TAMPA — It started with a partnership between the school district and the teachers' union.
Next came $100 million in grant funding from Bill and Melinda Gates, then the arduous job of explaining the Empowering Effective Teachers plan to more than 11,000 teachers.
On Monday night, a small group of parents braved heavy rains for its chance.
Turnout at Chamberlain High School to hear Hillsborough County school officials explain and answer questions about the program was sparse. But Melissa Erickson, president of the county PTA council, didn't mind.
"It's the beginning of a conversation," she said.
For nearly two years, the district has been reinventing the way it trains, evaluates and pays teachers. The idea, officials say, is to make sure every child has a good teacher, and that every teacher is given the right tools.
Now, there are questions from parents about the system, which ultimately will base pay on performance instead of seniority.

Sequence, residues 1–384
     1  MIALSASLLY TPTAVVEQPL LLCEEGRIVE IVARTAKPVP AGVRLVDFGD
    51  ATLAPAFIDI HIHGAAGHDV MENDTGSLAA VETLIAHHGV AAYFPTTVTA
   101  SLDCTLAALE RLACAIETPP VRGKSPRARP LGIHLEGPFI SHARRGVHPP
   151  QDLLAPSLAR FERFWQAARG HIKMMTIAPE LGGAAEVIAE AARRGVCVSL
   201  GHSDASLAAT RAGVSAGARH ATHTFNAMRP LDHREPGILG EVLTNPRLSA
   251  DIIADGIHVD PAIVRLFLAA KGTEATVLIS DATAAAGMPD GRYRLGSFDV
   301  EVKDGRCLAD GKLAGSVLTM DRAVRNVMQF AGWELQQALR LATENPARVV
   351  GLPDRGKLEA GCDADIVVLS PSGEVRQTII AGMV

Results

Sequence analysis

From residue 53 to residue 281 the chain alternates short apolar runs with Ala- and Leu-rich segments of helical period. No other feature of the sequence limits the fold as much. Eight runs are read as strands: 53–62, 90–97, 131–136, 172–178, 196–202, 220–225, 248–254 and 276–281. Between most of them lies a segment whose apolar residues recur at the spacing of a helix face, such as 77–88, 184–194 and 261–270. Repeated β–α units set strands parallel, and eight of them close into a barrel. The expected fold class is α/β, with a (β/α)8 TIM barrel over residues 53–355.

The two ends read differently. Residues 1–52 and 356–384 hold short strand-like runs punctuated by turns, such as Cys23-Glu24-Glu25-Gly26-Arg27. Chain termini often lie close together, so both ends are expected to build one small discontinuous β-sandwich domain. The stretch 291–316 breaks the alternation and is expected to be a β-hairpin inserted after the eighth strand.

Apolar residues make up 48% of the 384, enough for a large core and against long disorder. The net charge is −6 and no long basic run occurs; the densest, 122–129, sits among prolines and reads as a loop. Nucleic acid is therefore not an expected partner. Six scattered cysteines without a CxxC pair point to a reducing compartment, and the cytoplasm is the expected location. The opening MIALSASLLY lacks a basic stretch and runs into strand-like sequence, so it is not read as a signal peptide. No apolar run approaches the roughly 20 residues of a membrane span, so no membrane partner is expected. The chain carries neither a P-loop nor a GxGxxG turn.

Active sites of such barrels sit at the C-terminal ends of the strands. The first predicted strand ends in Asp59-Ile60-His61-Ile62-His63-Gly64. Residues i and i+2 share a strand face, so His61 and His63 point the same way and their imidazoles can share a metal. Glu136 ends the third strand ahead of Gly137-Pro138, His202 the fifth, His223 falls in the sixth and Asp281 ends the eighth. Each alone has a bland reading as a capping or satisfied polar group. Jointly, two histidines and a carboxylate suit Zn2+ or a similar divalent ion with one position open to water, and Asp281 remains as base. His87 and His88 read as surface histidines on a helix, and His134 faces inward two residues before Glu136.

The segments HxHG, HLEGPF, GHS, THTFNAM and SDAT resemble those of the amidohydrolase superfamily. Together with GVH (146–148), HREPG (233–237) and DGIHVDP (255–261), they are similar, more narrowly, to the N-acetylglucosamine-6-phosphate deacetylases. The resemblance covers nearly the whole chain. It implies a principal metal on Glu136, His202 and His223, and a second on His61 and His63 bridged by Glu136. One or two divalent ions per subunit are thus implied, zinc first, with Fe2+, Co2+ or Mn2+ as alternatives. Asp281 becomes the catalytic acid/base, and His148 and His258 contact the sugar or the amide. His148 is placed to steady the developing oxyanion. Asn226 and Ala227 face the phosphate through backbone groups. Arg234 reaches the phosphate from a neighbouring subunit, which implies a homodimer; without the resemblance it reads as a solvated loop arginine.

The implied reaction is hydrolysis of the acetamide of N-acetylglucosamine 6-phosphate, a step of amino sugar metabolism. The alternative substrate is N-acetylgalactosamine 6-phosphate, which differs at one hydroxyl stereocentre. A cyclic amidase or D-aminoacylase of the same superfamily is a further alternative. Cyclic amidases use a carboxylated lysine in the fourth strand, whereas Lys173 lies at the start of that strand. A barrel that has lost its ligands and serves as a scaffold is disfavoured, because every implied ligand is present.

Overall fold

Several came from parents of special-needs children. With so much high-stakes testing, they wondered, how could the district expect to hold onto good teachers whose students were less able to score highly on the tests?
The answer: Rather than basing pay on an arbitrary number, teacher grades will look at a student's individual progress.
"What we ask is that each student grow about as much as he is expected to grow," said David Steele, the project director.
Others wanted to know why parents do not have an assigned role in the evaluations.
"I'd just like to, as a parent, have more of a voice," said one, Janet Atkinson.
Superintendent MaryEllen Elia advised parents to fill out yearly school climate surveys, and added that when the principal evaluates a teacher, a section deals with interactions with co-workers and parents.
Then there is the matter of all that money, all those educator observations (more than 40,000 last year) and the treasure trove of data now in the district's possession. Jose Colindres, who runs a foundation for poor and minority students, wanted to know when that data might be made public for parents.
The answer from Elia: The district needs to make sure it doesn't violate a law that protects teacher evaluations the first year.
"We're still analyzing it," she said.